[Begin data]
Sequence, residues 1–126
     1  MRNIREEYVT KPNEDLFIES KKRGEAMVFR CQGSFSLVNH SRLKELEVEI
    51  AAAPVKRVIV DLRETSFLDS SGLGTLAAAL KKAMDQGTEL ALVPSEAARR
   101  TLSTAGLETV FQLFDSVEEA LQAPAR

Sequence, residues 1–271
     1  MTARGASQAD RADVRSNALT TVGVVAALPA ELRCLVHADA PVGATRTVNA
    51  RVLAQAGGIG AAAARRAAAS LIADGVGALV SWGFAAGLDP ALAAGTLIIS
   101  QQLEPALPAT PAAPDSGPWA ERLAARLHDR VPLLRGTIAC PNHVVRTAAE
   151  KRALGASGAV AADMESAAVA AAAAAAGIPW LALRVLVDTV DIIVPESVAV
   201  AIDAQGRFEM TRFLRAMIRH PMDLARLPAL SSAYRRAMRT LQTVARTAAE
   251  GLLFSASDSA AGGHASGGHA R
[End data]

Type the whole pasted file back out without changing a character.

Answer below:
Sequence, residues 1–126
     1  MRNIREEYVT KPNEDLFIES KKRGEAMVFR CQGSFSLVNH SRLKELEVEI
    51  AAAPVKRVIV DLRETSFLDS SGLGTLAAAL KKAMDQGTEL ALVPSEAARR
   101  TLSTAGLETV FQLFDSVEEA LQAPAR

Sequence, residues 1–271
     1  MTARGASQAD RADVRSNALT TVGVVAALPA ELRCLVHADA PVGATRTVNA
    51  RVLAQAGGIG AAAARRAAAS LIADGVGALV SWGFAAGLDP ALAAGTLIIS
   101  QQLEPALPAT PAAPDSGPWA ERLAARLHDR VPLLRGTIAC PNHVVRTAAE
   151  KRALGASGAV AADMESAAVA AAAAAAGIPW LALRVLVDTV DIIVPESVAV
   201  AIDAQGRFEM TRFLRAMIRH PMDLARLPAL SSAYRRAMRT LQTVARTAAE
   251  GLLFSASDSA AGGHASGGHA R